Hope Star from Hope, Arkansas on August 30, 1934 · Page 2
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Hope Star from Hope, Arkansas · Page 2

Hope, Arkansas
Issue Date:
Thursday, August 30, 1934
Page 2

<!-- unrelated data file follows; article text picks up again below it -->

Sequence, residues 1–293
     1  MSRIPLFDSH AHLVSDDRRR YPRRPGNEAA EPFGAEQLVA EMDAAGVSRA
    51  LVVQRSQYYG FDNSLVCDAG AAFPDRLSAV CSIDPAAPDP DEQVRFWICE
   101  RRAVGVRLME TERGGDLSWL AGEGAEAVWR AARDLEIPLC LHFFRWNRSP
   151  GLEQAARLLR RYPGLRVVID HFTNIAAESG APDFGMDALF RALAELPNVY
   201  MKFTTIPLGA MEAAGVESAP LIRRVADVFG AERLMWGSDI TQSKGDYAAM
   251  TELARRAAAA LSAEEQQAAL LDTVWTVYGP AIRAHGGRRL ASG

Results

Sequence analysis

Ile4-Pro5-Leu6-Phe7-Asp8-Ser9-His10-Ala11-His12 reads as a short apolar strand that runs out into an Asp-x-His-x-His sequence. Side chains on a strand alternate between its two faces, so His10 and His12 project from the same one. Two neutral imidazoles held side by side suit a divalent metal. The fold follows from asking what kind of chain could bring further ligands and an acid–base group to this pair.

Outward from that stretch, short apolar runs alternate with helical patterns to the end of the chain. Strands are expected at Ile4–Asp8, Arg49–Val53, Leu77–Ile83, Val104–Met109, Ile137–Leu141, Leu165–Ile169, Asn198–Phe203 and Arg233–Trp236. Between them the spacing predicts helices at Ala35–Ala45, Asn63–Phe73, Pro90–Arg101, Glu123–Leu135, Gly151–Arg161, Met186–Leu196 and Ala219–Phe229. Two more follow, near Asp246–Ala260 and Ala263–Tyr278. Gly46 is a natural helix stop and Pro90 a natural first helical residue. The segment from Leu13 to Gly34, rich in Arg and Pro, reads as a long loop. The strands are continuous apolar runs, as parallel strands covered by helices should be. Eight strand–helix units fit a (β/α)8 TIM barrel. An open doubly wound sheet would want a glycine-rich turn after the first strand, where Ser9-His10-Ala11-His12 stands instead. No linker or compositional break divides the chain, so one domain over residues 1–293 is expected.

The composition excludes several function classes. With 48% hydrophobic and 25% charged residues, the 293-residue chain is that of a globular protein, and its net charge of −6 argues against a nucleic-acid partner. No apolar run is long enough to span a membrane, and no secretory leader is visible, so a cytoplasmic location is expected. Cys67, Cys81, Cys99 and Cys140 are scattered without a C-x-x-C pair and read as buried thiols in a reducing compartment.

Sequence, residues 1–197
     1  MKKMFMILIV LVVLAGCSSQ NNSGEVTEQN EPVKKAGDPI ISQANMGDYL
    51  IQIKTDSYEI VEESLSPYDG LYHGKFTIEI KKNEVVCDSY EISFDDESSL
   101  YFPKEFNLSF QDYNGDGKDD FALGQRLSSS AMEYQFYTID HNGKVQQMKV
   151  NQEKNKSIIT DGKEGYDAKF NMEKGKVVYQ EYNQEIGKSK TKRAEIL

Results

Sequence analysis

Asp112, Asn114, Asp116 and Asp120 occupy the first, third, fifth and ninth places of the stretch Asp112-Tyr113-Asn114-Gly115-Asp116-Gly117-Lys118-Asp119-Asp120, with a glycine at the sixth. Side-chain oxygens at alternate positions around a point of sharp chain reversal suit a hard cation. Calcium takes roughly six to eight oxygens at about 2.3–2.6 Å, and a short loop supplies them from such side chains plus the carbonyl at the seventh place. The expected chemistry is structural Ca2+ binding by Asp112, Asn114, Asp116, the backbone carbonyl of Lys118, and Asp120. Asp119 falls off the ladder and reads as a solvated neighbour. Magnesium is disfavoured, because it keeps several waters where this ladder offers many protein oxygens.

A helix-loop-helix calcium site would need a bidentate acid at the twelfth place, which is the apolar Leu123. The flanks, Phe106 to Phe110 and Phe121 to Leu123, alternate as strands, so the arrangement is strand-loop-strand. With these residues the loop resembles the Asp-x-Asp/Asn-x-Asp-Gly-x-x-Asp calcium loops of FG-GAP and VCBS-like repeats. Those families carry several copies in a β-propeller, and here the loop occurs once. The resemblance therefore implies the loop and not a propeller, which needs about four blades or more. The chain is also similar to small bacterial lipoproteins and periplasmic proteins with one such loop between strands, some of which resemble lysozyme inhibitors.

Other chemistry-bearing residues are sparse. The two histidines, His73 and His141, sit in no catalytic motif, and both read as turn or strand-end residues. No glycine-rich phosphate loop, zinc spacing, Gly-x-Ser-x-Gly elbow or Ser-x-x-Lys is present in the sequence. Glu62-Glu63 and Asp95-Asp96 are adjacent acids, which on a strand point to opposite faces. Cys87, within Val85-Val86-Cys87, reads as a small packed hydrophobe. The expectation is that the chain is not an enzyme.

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HOPE STAR, HOPE, ARKANSAS Thursday, August 20, Hope m Star* O Justice, Deliver Thy Herald,From False Reportt , Published svery wwk-day afternoon by Star Publishing Co., Inc. (G, B. Palmer & Alex. H. Washburu), «t The Star building, 212-314 South Walnut Btre*V Hope, Arkansas. C. E. PALMER, President ALEX. H. WASHBURN, Editor and Publisher Sntered *s second-class matter at the postoffice at Hope, Arkanau Under the Act of March 3, 1897. | - r p Definition: "*$ie newspaper is an Institution developed by modem civilization W present the news of the day, to foster commerce and industry, Surtragh widely circulated adverUwments, and to furnish that check upon gwerhmePt which no constitution has ever been able to provide."—Col. R. R. McCormick. Subscription Bate (Always Payable in Advanced By city carrier, per -weefc MM; six month?, $ 2.75; one year $3.00. By mail, in Hempstead, Nevada, Howard, Miller and LaFayette counties, $3.50 per year; elsewhere J5.00. Member of The Associated Press: The Associated Press is exclusively' <TOtitlpfl to the use for republication of all news dispatches credited to it or 5t otherwise credited In this paper and also the local news published herein. National Advertising Representatives: Arkansas Dailies, Inc.. Memphis, Term., Sterick Bldg.; New York City, Graybar Bldg.; Chicago, 111., 75 E. Wacfc- er, Drive; Detroit, Mich., 7338 Woodward Ave.; St. Louis, Mo., Star Bldg. Charges on Tributes, Etc.: Charges will be made for all tributes, cards of thanks, resolutions, or memorials, concerning the departed. Commercial newspapers hold to this policy in the news columns to protect their readers from a deluge of space-taking memorials. The Star disclaims responsibility for the safe-keeping or return ot any unsolicited manuscripts. Your Health By DB. MORRIS FISHBEIN Editor, Journal of the American Medical Association, and of Hygela, the Health Magazine YOUR CHILDREN Train Your Chilil Early to Walk Properly I By Olive Roberts Barton Aiding Young Slimnlales Morale, The average healthv normal child Ttie 1:lst month of summer is the begins to walk by the end of the j hardest to bear without loss of mo- twelfth or fourteenth month. If your ! rale - I remember the day a year ago child fails to walk satisfactorily, it when two ladies were bemoaning their may be a serious handicap through- f " le - Neither could leave the city he- out its life. | I'auj-e their husbands did not get va- There are certain conditions in ' catioas until fall. Both were explain- Which children are likely to begin! in g what they did to keep cool and •walking much later than the average, j 'he expedients they employed to For example, when, there is a congen- ! malce th ^ d" 1 ' hot days pass, ital dislocation of either one or both ! An 'l then one of them called to an- hips, a fornv af disability which oc- \ olh er Suest mounting the porch steps curs more frequently in girls than in j and apologizing lor not being dressed boys, walking may be seriously dt- j '" cool chiffons and u big hat as the layerf, ;' rest wer<? When such a child does begin to j "You have more energy, June," they •walk, you will notice that the gait is | remarked. "What has it been today? not normal. Usually the condition is > You're a wonder." •nnt. nninfiil and. therefore, recognition "I Just delivered a Something Should Be Done About These Bathysphere Tales AMP I CAM'T crer AWA.V MUD TO LCOK Basket Factory Splits Double Bill Wins Over Methodists, 28 to (5, But Lose to Julia Chester not painful and, therefore, recognition ! may be delayed. Since best results in treatment of such' conditions are secured before 3 years of age, it is highly important that corrective measures be under- j since nine.' taken as soon as possible. ] Two conditions which delay walk- bunch of kids to their homes," said Jane. "Usually I keep them out until five, but I wanted to see you all so I dumped them early. Anyway we've been out One-Day Vacations ing in children and which bring about peculiar conformation of the limbs are how legs and knock knees. These "Who—what—where?" everyone wanted to know. Mother's Club I belong to— are caused, in most instances, by defi- j decided we'd use our cars, gather up ciencies in the diet of the mother before- the birth of the child and in the diet of'the child after it is born. These conditions result from rickets. I have already mentioned, time and again, that rickets is due to a deficiency of vitamin D in the diet, associated in many instances with a lack of calcium and phosphorus. Moreover, in the presence of rickets, walking at too early an age is exceedingly bad for the child, because it helps to develop bow legs and knock knees, as well as flat feet, to an unusual degree. some of the little tykes who never get anywhere and, take them out to the country. We go in pairs and take about four children to a car. Oh no, I can go only about twice a week. Some go more, some less. But today nearly everybody took a load. We had about fifty youngsters anywhere from a year up. "No, it isn't hard. We get up simple lunches. If you could see the unbelievable rapture on some of their was hard," went on ane enthusiastical- was hard," went on Jane enthusistical- with pumice. Be extremely gentle and don't try to remove all the dead skin and discoloration the first time. Massage bleaching cream upward from fingertips to shoulders each time afte-r you've washed them. Give it a few minutes to absorb and thc-n remove with demising tissue. Apply a bleaching, lotion and let il dry he- fore you get dressed. Remember that correct arm makeup will K° a lont! w;iy Inward covering up skin defects until you've had lime to get rid of those defects. Use your complexion foundation lotion on your arms and powder them just as carefully as you do your face. Using C'litlon pads, put on a genreous coat of powder, leave it fur a few moments urid then remove the excess with a small complexion brush. ly, "and it gives their mothers a Development of a child is a well- j chance to catch up. Sometimes we ordered process of nature it does no | take the W h 0 le family." good to hurry it. Its feet should be i The lwo lac |j es were overwhelmed held parallel in walking, the toes . at her sacri fj ce . O h, they couldn't do pointing straight ahead and the feet ; that Neither was^ very strong, we directly under the legs. : heard. Certain people were cut out If the child's muscles are too weak. I {o[ . lhat kind of v/ork lhey murmu r- or if proper attention is not directed j ec | An( | aflei . a bit lhe conversation early toward this normal method of i !urne( j to otner things. locomotion, the foot spreads and the ' weight of the body is not carried by j A Month Later the muscles, but by the ligaments and , . i A month later I met one of the la- Thfs helps to brin gabout flat feet. ' dieso a S ain - What was il l hearcl her The child will turn the toes out and | sa y ? " One < la y wh f, n Lauul ; a an <! * will seem to be pushing his feet along I were takln S a car ful1 ° f children out It is a mistake to try to than So they were stronger they thought. And braver and kinder and than lhey guessed, after all. than that. They had got- wiu seem 10 uc pu^iiiug 111^ tcct aiuiis 0 i i >» Udewise. It is a mistake to try to to ^Pr"_ce Lake- get children to "toe out" while walking- If children become fatigued easily while walking or running, they should i Yc ' s - , . , . , , , first of all, have a complete physical ! te » t)ther Blends interested and al- examination to make certain that the "ady were planning for this year, heart and the lungs are not at fault. I rha t wa3 » l another city. I have They should also have a special i lost track of them, but these hot days uudy of the feet and shoes, because;' often think of those two carefully K metimes the wrong kind or shoe 1 groomed women, so bored with life - -- [ - - ~~:tore they saw God will be busy bestowing blessings on those who have helped little children to bear the heat of summer, who have saved lives and saved the courage of those people—their mothers. will make .walking not only exceed- ', ~™ ^at and ennui m/jly fatiguing, but also painful. ' 1he beckoning finger. BEGIN HERB TODAY BOOTS UARnUHX U the prettl- I rut ftlrl In I.archneek, fjiHliionuble New York »uburb, but her father 4 * financial rerw»e* make It bnrd for her to keen up with her crowd. Wealthy SYLVIA HIV13RS Hfhr'iiirn to farce Hoot* to renlsn fropu the Janlorn, Deeply hurl. UootB accept* the Attention* of 11USS I.UM>, the mviiumlnn In• tractor. She renllzen she In In IOTP with nuHH when he tclU her he U R-ningr mvnjfi lie wnntu her to elope with him but Ilootn n«k» for time to think It over. She UrendM the time when hor -mother will hriir nbout her tvilhdruw.-il from the- eiub. Unhappy unit restless. Boots KOCH for n morning walk and meet* DHXIS FENWAY, yomiR author. They have a Inns tnlk it lid Denl« In moved by the gliT» obviolifi unltniipiiiCNH. Doom BOCH to New York on n HhopiiinK trip and an the trnlu uicetx ltn«H. Aealu he iiskn her to mnrry him and IloolN ooncliiiioN II l» tiie best wny out of Iier troubled. Di-nis ners her In a lintel lobby with Itu.su. NOW GO ON WITH Tim STORY CHAPTER XIX TIME Kirl facing Russ was blond, •*• honey blond, anil her brows were sketched In lightly .with a Id.ick pencil. They formed half moons, Inverted, over light-blue eyes rimmed with mascara. She had on a pink house dress, not too clean, two or three buttons missing. Her white shoes wero well worn and the laces knotted carelessly where they had been broken. The room in which she sat was the kitchen of. a flat in a group of flats, an unbroken stretch of sameness in a dreary block. Rtovn. sinlt, refrigerator wera present in all their modern compactness, but in spite of the shallow molding of imitation tile, In spite of tho gingham curtains at the windows, the r \ room had a sleazy, down at the heels air. "What's .she Kkr-?" the girl a "She's cute," Uuss said Kuss length out in a deep overstuffed chair with sagging springs. IS brother's wife shrugged shapely shoulders. "Oh, I guess H maybe," she told him vaguely. "I was going to take a run over to Brooklyn to see the folks, but that I,ou heaved himself up from his chair. Come on, kid. I can read in the bedroom. Fix him up here." Gloria opened her mouth to say something sarcastic and closed it again. It might be worth while to kid Lou's brother along if he was really marrying some society doll can wait. But what are you going \ up in Westchester. Gloria rather to do with her— where are yon go- [fancied tho Idea oE seeing the polo- lug to so afterward'.' Hack to the I playing, yachting crowd at first old folks?" i hand instead of pocking at their Hiiss grinned. "Might "" f - l>e a | exploits as .shown in the news bad idea, nt that." \™rt»- So she arose -with an an- I,oii, taking no part in the dis- pearanco oC amiability and began cussion, switched on tho light in lo open the collapsed day a curious looking lamp which had obviously bnen picked up in one of bed. Cray and dingy sheets were revealed and a discouraged looking those gaudy booths which offer gray blanket. prizes for shooting down a certain i The trio separated without for- number of wooden moving dunks on malitias. RUSH, left alone, flung off a trolley. The base of it was fash- a few garments, allowed two shoes ioned of imitation copper and rep- to hit tho floor with vehemence, resented a geisha girl, curiously [and presently ths beams of the attired in a pair oC scantier and a (street lamp, stealing in, rovealed n beaded brassiere. Tho shade was deeply, violently pink. Under this extraordinary lamp Lou unfolded tho RvenliiR paper and began ah- sorhedly to read. The room, high-lighted by the geisha girl's bulb and by various side fixtures on the distempered walls, was revealed as a livins windows looked out on the street, muscular young man, face down, sound asleep in CIlona'K cherished living room. * • • 'l/TEANTIMR Donis Fenway, rid-'•*• ing home on tlio 10:30 train, shaking from his feet the dust ot tho city's hot pavements, was conscious of a deep snnso of irritation and disappointment. Naturally, he told himself for tho hundredth time, it was none ot his business ., 0 rpl 1 Itrtl^- 1.IIUK, II. >» U.T IIUlll. 1,1 lli.T l*M.TI»H-D.. B ""!' OSf i ° r _ r( ^' „ ™ ° n .L y *^°: what Hoots naeburn did with her of furniture in tho room were a self. Why, ho scarcely knew her; livo or ten minutes. Yet there had corduroy, tho two chairs the men ; - '—' t -- y , — ^ ',„. ?<*!• . n "! 15?!^ al :°J!" ! touched about her thaUt had been two imitation candlesticks upon it. wore )io hooka. .ictures in There wero cheap gilt ia shoclc to ;;eo her emerge from • . , ' ™' frames of toothy 111m stars in va- riour, incendiary alt.iludes. Lou's can-;wife, who had- linen christened tloualy. He fumbled in his pocket for a cigaret nnd, finding one, lit it. "She's class," ho further added. "They have — the old man has a big house up In Larcheck." "Rich, huh?" the blond girl asked interestedly, tracing a pat- i)*Hies Speculation Is Aid to Indus- i try—John T. Plynn Is Biller In ; Attack on Wall Street : By BRUCE CATTON i In "Security Speculation: Its Kco- ! nornie Effects," the redoubtable John < T. Plynn boldly attacks the theory that stock market speculation performs an essential function, in mod- era life. The theory is that while such speculation often, leads to excesses, it does create and preserve a market for capital without which industry could not be financed. Mr. Flynn denies ihh; in toto. To begin with, he asserts that nearly every great industry in the land was built with money obtained in some other place than Wall Slreet. As a general rule, he says, an industry goes to Wall Steret to market an issue oi common stock only when it is already successful. Furthermore, he declares that a going concern in need of new capita! 'eldorn gets anything resembling its money's worth through a common ttcck: issue floated in the regular way- Ite tops this by denying the common contention that Wall Street at least performs the task of putting a fair market pric* on industrial securities. The day-to-day oscillations of fcecurity speculation and have no relation to the industry's actual worth. Then, by wuy of conclusion, he as- GLORIFYING YOURSELF !y Mela Hart g£g Smooth, v/hite arniH and elbows, al- v/ay:; an asset to a girl's beauty, become even more important in lhe tall 'l when it's time to start wearing elec- | crate, formal evening dresses. The .'un-lanned, roughened skin that was quite fashionable on the beach sim- l.ly has no place in glamorous ball- iuoms. So you'll want to make an improvement. First of all, get a good hand brush ' and a bit of pumice. Scrub the : :;houlc!ers, arms, elbows and hands not ! only with a washcloth and soap and 1 water but with the little brush. Then, ' if your elbows are covered with a dried bkin, rub them once a week tern with her forefinger In the crumbB scattered on llie enamel table top. He fihnigged. "Maybe. Anyhow, they've got something." "Well, I'll give you a piece of my mind," the blond girl said clls- I passionately, rising and languidly turning on tho hot water faucet. "I think you're plain nutH. Marrying her!" "Aw, ran that!" The BCOW! gathered, darken*)!, on Ills face. 'Wait till somebody asks you Sor Sophie and who now answered to the name of Gloria, wan always promising herself "to put up KOIIIR drapes" but somehow H!HI "juiit never got Small wonder that Ilin room presented, therefore, an uni:omi"'omi<-:inf.;ly barn appearance. R USS found no fault with It, however. Tilled back in his chair, hia large boots very much in evldencp, ho looked around him . , . U ° tCl °" Kenn that chap before," fold himself, annoyed at his inability to remember when or where. As tho train clicked over tho ties, eastward bound, the air grow cooler, beciimo salty. Denis" lint crashed into bin opon palm. "Tlie lifo guard," lie said aloud. Yea, hn remembered now. Ah, but. probably Roots had met the fel- Inw by accident. Thorn wasn't any real fiignillciuico In their being together. l''oi' an instant a chill feeling of guilt, fivvept DenlH' conscience. Why hadn't ho acknowledged HIM fact that ho had seen ; ~>--rU that security speculation actu- '. My cr;ii:;tiutes an economic drain on ; industry—which, he imiit'j, would Lx.' I fur better off if there were no specula| lion whatever. ! Mr. Klynn has documented his book ; with cure. It is probably the most de! vacating attack ever made on the | whole theory of Wall Street practices. Published by Harcourt, Brace and Co.. it retail.-; at $3. complacently and reflected that thia ! neri a t. least by a bow? Why had flat of Lou's wan a nice little dump | lfi looked away, RO quickly and advice." "It's none o' my business, of and a bargain at S3!"i. Of cour.se, it was all right for Lou to Efttlo down this way. Ho drove a truck for a bakory company, delivering from door to door, and made, Kuss admitted naively, "good money." Gloria wasn't a bad sort, although she had a nagging tongue and was course," pursued the girl, quite as if lie had not spoken. "It's your funeral. I'll wash those after a while, Lou," sue said In an aside to a thin, big-eyed young man who now sauntered in. She stacked the cliahes, tlirea or four greasy plates, | job. The kid would see to it lie coldly, prfitonding lie did not recog- nlr.u her? II« admitted he hud been a bit caddish In his reactions. Oh, well, tomorrow he would call her up and let her know about this opening at the publishing liouso. It might lead to something. Or perhaps ho would drop her a always wanting to know what ho i Kjl (]own ;lt Loia , litUe guest did with his salary. He, Iluss, had ' ( , eak wlloll ho g( . jt home . ne different plans for his own life. • • He'd travel aomo more, see the worlil llrst, then settle down iu liked the idea of writing that girl Something simple and lie might even suggest a note. i friendly. Larchncck with a real gentleman's ! . r incet | u g j u Io wn for tea when- several cups and saucers chipped and cracked in various places. Further than that, by way of tidying up, she opened the oven door, thrust a stewpan with gravy and remnants ot sotnethinB that looked like Blow clinging to its aluminum interior within, bbe ran a gray dishcloth casually over tbe surface of the corrugated draluboard and, reaching up, switched out the light. "Those'll keep," stie said impersonally lo the two tneu. They followed her into the adjoining room v/here lhe conversation, presently resumed. "Can you come with us tomor KUC.W tho right people. everything would be easy. ever slie wont In to see Musterson. After Uiat I(o gf)t ()K t | 10 train at Larch- depth and vigor and Lou looked up incuriously, frowning over his headlines. "You wauta hit the hay?" Russ flexed his muscles, standing. They rippled under his blue shirt sleeves and (iloria gave him a glance of grudging admiration. The ll'j bum, K!IO sail] to hcr.selt with good-humored contempt. 1 he the sound of the words. >vit u 6 U .,u-, .,, lu , cu ^uuLt-inpu i Kal i| UK asleep, an hour or two 0 IM»» ne'y lhe. ia,ne»- acliaht. all ]**>"»'' lirnn ,, 1 ' i ,,„„ anon he right, all riijht. I ,j,,e, :i ;«« hates himself! row? Thstt'a wlaut I wtmt l« kuow." "I .wouldn't mlud." later, ho wondered how soon would have an answer from her. (To lit) (Joutluued) Hope Basket Factory Softball team divided a double-header Wednesday night at tho high school athletic field winning over tbe Methodists in the first game and dropping the second contest lo Julia Chester hospital. Tlu- results: Hope Basket factory 2.1 First Methodist church 6 .lulia Chewier hospital 12 Hope Musket Factory H Ilobhs Grocery . 21 Monkey Grrnsors 20 The Hope All-Stars Wednesday night defeated Stamps, fi to 'i. The Int- Itv HIUIIO was played at Stamps'. Two giitnos arc scheduled for Thursday night. Williams Lumber Company wil meet Julia Chester hospital in tbe first contest. Opponents for the second game will JP Hope Auto Co. and Hope Oilers. The teams are well-matched and i)th Hiunes are expected to he close. i)eck jn a , ine g i ow an ,i SWU ng up Simmon's Quartet to Sing Here Friday At S o'clock p.m. Friday, August 31, n the auditorium of the First Baptist 'hurcli, the music lovers of Hope will uivr. 1 iin opportunity to he;ir one of hi.' outstandin ymnle tuiai'lettes r>f hr? South. For the second consecutive year tbe Simmons University quartette will np- x'iir here in a presentation of bc.'inti- iiil. uplifting music. Tliose who have:' icard these youns men declare htat tbe privilejse is highly valued and 'noro than apprrn-iatcrl and that their iinciini! is indeed a delightful "sermon in sonK." We people of Hope may well consider ourselves greatly complimented it having this parly include us on their :our. and can show our appreciation by filling lhe bouse Friday night. All uninvited, "11 arc- urKL'd lo attend this unusual, yet worthwhile- entertainment. Then- will be no admission charge, nut opportunity will lie uiven for ;>H who will to make a voluntary offering. Don't deny yourself this chance lo least on music lhat thrills (he- soul. Start Registration at Arkansas College by declaring him to bo worth $200,000. While tho Ginns would dip deep for Dean, their mnnnfic'd doe;; not believe j they could afford lo pay what the Car- i dinnls would nsk were (be Okliihoman put mi ttie market. j "If lhe Cubs KIIVO $12.1,000 for Chuck , Klein, whom I never considered a '• I'l-rut hall player. Ucan is worth $200,i)l)D." said Terry. • The efficient «tiirle of tho Giants! iiUrihute.'i Ihe Dean brothers difficulty 1 with Frank Frisch and the Kt. Louis club to "too many bosses." Sam Uran- don. Hraneb Hickev. an<l Frisch, each lias :i say in tbe direction of Ihe Red Ilirds. Cartls Club lo Heat Demi trouble or no. llie Giants still fitfiiro tho Carrlimils as tin. 1 outfil lhey have lo beat. Tho Giant:", recalled Hank l.eibrr and Phil Weintraub from Nashville to. add momentum to their drive down tin- Mtrelch, while the Cardinal.';, with their eis'.hl .'iiibsidaries, sit still. •"Ihe Cardinal'; hesitate about brini',- inj! riinfoi cements from Columbus or Ilocbcsler, clubs fi)!hlin|{ for the pennant in their respeclive Icacues, "explains TVrry. .'The Cnrdinals' losses aie inarli.- up by what is earned in- CoUunbur. and Rochesler." Rickey's chain store system now is < or vim; a purpose other than that for which it was cut out. The children now support tbe parent, through wiles us well as K"'e rocolpln. When business conditions improve, it i-ver. Terry sURKCsts that the St. Loui'i National LeaHur- franchise be tran.flen-erl to Dclniit. Newark is thr- l>lace for it, he adds,hut the difficulty with tluil v.'ould be an unbalanced circuit. to the fur turn where- Sloney will gd sooner or Inter lii order lo prolong hi. 1 ) brilliant enreer. WARNING OHDlJt No. 28-ltl. In the (.'biiiicery Court of llempr.lrnd County, Ai-l<. I'Mi/alxMh A. Wilson Plaintiff vrt. James A. Wilson Defendant The.' Defendant, .Fames A. Wilson, is hereby warned l'> appear in (his court within thirty days anil answer lh« complaint of tin- Plaintiff, F.li/.abetli A. Wilson. Witness my hniul and the seal of siiiil court this 1st ilay of Aiiyust, Hl.'M. (Seal) DALK C. .IONKS, Clerk. Aii}?. l-H-15-22-2!!. Bigger Than Ever Kevnll Tiiclnry lo Vnu SALE Profil JOHN S. GIBSON Drug Company "Thfl KKXALL Worn" Hope, Ai-k. KMalilishcd IR8. r , SBiSveriii Burning with Fever Sure Relief for Malarial Don't try homemade Irealinenls or JONESBORO — The rcgisteralion of old students started ol Arkansas State Colleg Monday and will continue on through the week. New students, including freshmen, wil start enrolling the latter part of the week and will continue to enroll through Monday. September 3. September 3 is the dale for the formal opening of the fall semester nt Arkansas State. Indications point to an enrollment somewhat larger than that of last year on the basis of advance enrollments to date, officials said. The curriculum at Arkonsas State has been greatly extended this yeai and large numbers of new courses are being offered. This is also the first year that graduate courses have been offered and a large number of students will curry graduate work toward a master's degree. Seeks liitrlcll. Lindstrom Terry is said to have offerer! the 1'hillicii a Imlf dozen players, including Johhny Verge/, Blondy Ryan. Frank O'Doul, Homer Feel and George Grant j n( . w f.,„,,],.,| i-i'incrlies! Take that liainhain fr,r iho peppery shortstop, o l<| Grover's Tu:,lele::s Chill Tonic. Dick Bartell. Pei'l iinrl Granthain went j g, )()I1 y UM w ||l |,e yourself af-ain. tor to Nashville as replacements for Weifi iCJrove's Tasteless Chill Tunic not only tr.'Uib and Leiher. 'relieves thr> symptoms of Malaiia. but Ti'iry is br-lieved in have j-'jven >M> j r.|(>stro.vs Ihe Infection ilM-lf. on Vert;e/, who is hiltini 1 , only .210, i •['(,,. ta.stelesu (|iiinini' in Grove's and has straightened up to throw. (Tasteless Chill T<uiir kills Ihe Mala- Hyan definitely is an all-American | ,.;.,] infection in the blrnjil while thr- out. Terry tells slowed up, anil regularly. Uceati.st' he feels lhat Freddie Liu- .'•troin now has ihr 1 managerial bee cut of bis butuiel, Ti-rry would like In bring thi' Pillsburuh oulfieldcr hack to the Giants anil use him at third base, where he formerly Marred. Hilly Myers, for whom the Giants is an all-American you thai O'Doul has no UinKer can piny are reported lo have given the Cardinal'.'; Columbus branch S2. r >,000 ami two players, is to (;el a thorough trial at shortstop next spring. If he makes the hill. Travis. Jackson will be switched iron it contains build;; up 'he hlood to overcome tin 1 effects of the disease and forlif.v against further attack. The twofold effect i.-; absolutely necessary to the nviTeiimim! of Malaria. Besides heliiK a dependable remedy for Malaria, Grove's Tasteless Chill Tunic is also an excellent tunic uf c.en- eral use. I'leasant to take and ab.so- lulely liarmlrKS. Safe lo p.ive ehih'rcn. C',et a bottle today at any store. Nov.' two sixes— 50o and 51. The- SI si/o contnin.s 2' 2 times as much as Ihe .'illc sii'o and gives you H.V '• mure fur you ' money. HARRY GRAYSON ST. LOUIS-Bill Terry who is seldom wrong has an idea that Babe Ruth will manage the Yiinyees next year, with Colonel Rupport paying Joo McCarthy 5-10,000 in fulfilment of the last year of his contract, and sending him away from there. Terry makes it unanimous by assert inf that the New York Americans would make a grave mistake in not retaining Ruth as a bay—or show window, if nothing else. But baseball men point out that Ruth, the pinch hitter, quickly would U.IM; on the dimensions of a barrel on stilts. In the last few years it has been liitficultf or the Bam to keep down to playing weight as a regular, and bis liguri; hasn't been anything sylphliko. Dean Worth $200,000 Terry puts Di/.zy Dean in a museum THE WBSE Ol» OWE. ESSO SERVICE STATION Tblrtl :nul I,. & A. Trucks Phono li.S WOMAN 92 YEARS OLD Has Used "Mendenhall's" Chill Tonic Over 30 Years • lie emitted a yawn that was al- j llje K treet away from the station, most like a splitting scream in its i sm iiinK to himself. Yes, ha would t j ( , (hat. lie could imagine what that girl looked like in tlie early hours. He didn't have to imagine it. He'd Keen her no later than this morn- log. Sue was lil<e soine wnit - e alld gold Undine, rising from the foam, told himself poetically, liking j,e Do you GAMBLE U) Have you ever cut out of line of traffic'.' l If so your chances ol bavin;; an accident are multiplied by 50.) C2) Have you ever driven over 40 rniles an hour? (If so your chances of having an accident are multiplied by 2',.) (3) Have you ever passed another car on a curve? (If so your chances of having an accident are multiplied by 21.) (4) Have you ever parser! another car going up a hill? (If so your chances of having an accident are multiplier! by 10.) (5) Have you ever failed to signal a turn or slop? (II so your chance;; of having an accident are multiplied by !ij Years Old Mrs. Agnes Rendlemen Alto Paas, 111. Agnps Rpiidlfiupn, AHo Fuss, III., dictules the fellmviiu; letter tu her grand-daughter, .V f ;i>rs »iiinii, u registered phannacist: "I am '.IJ .vear.s old, unit her of eight children, nil living. Have used .Meiidenliiill'.s .\l:il:iria Chill niul I''r'ver Tiiuie over 'liirly .veiir.i for .Malaria, Chills and Fever, Constipation, "and as a general limle. Al.-ii I'm- Colds and CIHI^IIH due to ci.ld.-. II lias il- [ilaee III our meilieim! eliesi nil llie year around." iVOTRi We malcc ^[eiiili'iiliaH's Jlnlariu r'lilll unit l''i-\,i Tmiir in Hvn I'nriiiM vvilli and u iihuut ar:,i.inlr. A^ Ii, tin.- '.Mlm; nl' mir T'tdll Tuiili- uitli uri-i-iii' 1 . \»i- iiurilo from DM. I 1 . s. |)i-;|ii'u»:tliiry: "Arsi-ntr iM t)ir liiii-l .-.in i i sbfu 1 UKi-lll III I IM-. I I i Ml In. Ml ol i In mile malaria, niuhirlal or lulluiis (i-vMi 1 , Inli-ririilli-Mt 1',-vr-r or c hill.-. Ijruw- nKlli-. li|.:ul;.rli,., n,-11 I ;i 1|-ht or iliL-U- lnull."!u tint- lo in:i!:iii.i or f.'. I-IIITU I Ijiul ln-:iMli. It il.i-r,-as, > rh>- appe • lUi- i.vliil iliK'-Mioli. \M-lv.lil ami StrbHt^Ui rif r In- iiatiinl. and IKIM ^f'^al puvvfi 1 to improve llii- cun- llltlfill (Jf till' Idcioil. II I:, on,- of III*- few iill )i;-.taiif-.s wliirli di-M-rvi: llu- name of a K^m-i-al roiili-" Made by J. c. Meiiilcnhull llodl- cluo Co., EviuiHvllle, Jiidlima. K{ COMPUTE INSURANCE smt Phone 81 0 WANT Phone 768